I’m a serious budget traveler. On the road, my accommodations of choice typically involve shared bathrooms, views of brick walls and tube TV’s that get three to five channels. But on a recent trip business to Colorado, I had the good fortune of staying at the Ritz-Carlton, Denver — a far cry from the moldy basement apartments and bargain-priced B&B’s to which I am accustomed.
The hotel is wonderful, and it definitely lives up to that song “Puttin’ on the Ritz,” which plays on repeat in all the elevators. (Okay, it doesn’t, but I think it should.) At the beginning of my stay, I put great effort into finding something wrong with the Ritz, thus proving that luxury hotels are a big rip-off and that I am a genius for unearthing $60-a-night centrally located rooms while evading bed bug infestations and burglary.
But there was nothing wrong with the Ritz. Service was impeccable. Hotel staff smiled at me as if I were an adorable kitten. The sushi bar menu didn’t include anything vegetarian, but the chef insisted on creating a customized vegetable roll just for me, which he promptly served on the house. I even looked under the bathroom sink and on top of the shelves in the closet for dust; there was none. I was beginning to see the point of paying $300 per night for a hotel room. But there was one little problem (and it wasn’t the Ritz’s fault).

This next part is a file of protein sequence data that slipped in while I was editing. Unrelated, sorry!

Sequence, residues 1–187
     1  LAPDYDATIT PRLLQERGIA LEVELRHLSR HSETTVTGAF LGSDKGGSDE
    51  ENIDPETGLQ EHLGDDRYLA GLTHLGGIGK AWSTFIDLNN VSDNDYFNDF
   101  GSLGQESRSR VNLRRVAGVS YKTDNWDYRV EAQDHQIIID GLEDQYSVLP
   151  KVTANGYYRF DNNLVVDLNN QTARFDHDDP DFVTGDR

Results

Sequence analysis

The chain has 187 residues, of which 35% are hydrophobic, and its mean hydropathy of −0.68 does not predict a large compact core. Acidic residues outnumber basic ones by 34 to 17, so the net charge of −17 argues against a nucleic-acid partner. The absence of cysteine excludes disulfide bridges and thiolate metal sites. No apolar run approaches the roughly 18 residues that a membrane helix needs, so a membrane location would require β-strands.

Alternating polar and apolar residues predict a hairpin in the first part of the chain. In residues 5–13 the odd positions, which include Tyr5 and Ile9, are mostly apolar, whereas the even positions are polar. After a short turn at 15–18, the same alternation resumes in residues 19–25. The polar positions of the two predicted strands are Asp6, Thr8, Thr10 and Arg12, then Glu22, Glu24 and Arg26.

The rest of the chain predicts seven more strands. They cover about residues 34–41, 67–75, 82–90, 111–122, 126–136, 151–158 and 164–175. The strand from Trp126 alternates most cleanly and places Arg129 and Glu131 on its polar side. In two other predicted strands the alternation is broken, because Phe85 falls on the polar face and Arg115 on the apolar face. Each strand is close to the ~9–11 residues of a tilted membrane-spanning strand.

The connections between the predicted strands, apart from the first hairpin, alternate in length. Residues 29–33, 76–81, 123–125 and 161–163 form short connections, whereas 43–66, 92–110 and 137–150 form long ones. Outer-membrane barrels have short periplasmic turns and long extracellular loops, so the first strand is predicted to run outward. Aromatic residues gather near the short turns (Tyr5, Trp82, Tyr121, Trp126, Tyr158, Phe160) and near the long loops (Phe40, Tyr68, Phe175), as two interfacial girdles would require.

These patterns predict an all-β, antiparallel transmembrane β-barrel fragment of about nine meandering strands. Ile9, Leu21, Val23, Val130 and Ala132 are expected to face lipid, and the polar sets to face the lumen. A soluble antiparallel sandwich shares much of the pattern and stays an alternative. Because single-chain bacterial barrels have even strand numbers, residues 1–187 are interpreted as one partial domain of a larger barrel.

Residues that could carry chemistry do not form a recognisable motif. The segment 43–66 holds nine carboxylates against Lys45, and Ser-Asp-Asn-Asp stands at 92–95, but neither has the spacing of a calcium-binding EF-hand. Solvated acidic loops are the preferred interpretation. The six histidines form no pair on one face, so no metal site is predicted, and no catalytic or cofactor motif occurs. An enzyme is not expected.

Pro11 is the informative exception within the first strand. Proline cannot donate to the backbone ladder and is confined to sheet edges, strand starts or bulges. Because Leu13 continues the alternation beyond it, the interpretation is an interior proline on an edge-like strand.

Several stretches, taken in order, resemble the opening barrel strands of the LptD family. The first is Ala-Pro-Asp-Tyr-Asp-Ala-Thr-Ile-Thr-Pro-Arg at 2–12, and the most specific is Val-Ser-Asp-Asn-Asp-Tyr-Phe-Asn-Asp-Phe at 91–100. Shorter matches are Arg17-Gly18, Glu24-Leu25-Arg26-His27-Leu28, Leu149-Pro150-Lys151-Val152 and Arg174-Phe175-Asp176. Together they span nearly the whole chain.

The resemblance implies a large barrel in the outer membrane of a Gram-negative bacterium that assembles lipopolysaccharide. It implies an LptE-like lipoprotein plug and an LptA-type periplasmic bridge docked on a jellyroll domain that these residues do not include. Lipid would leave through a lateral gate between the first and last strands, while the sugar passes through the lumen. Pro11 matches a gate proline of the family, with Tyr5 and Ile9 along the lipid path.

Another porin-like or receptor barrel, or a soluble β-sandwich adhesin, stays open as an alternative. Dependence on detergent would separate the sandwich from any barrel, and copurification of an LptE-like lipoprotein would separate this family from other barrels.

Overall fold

As a newbie luxury hotel guest, I couldn’t figure out whom to tip and whom not to tip. I had this nagging feeling that I should hand a folded bill to every person who said “Good evening,” held open the door or dispensed advice on what to see in Denver — and this would be a lot of people. I visited the ATM and stuffed my purse with one-dollar bills. I felt like I was on my way to a strip club.
In Hotel Tipping, we recommend tipping the valet $1 to $2. Good to know. But at the Ritz, at least three people were involved in getting us into our vehicle each time we needed it: one guy called for the car, another drove the vehicle to the front of the hotel and a third staff member opened the car doors for us. This process caused me much anxiety. I frantically stuffed bills into everyone’s hand, afraid I would neglect to tip someone, thus unleashing untold karmic retribution upon myself.
We asked, and it turns out valet staff members pool their tips at the end of the day, so there’s no need to go crazy throwing money at everyone in a uniform standing near the car. This piece of information was quite helpful, and now I’m on the hunt for even more tipping tips!
Share your best advice on tipping in the comments below, and you could win a swanky Ritz-Carlton travel spa pack (pictured above).The person who shares the most creative, practical tipping tip by March 22 will win the prize. Be sure to include a valid e-mail address when you comment.
–written by Caroline Costello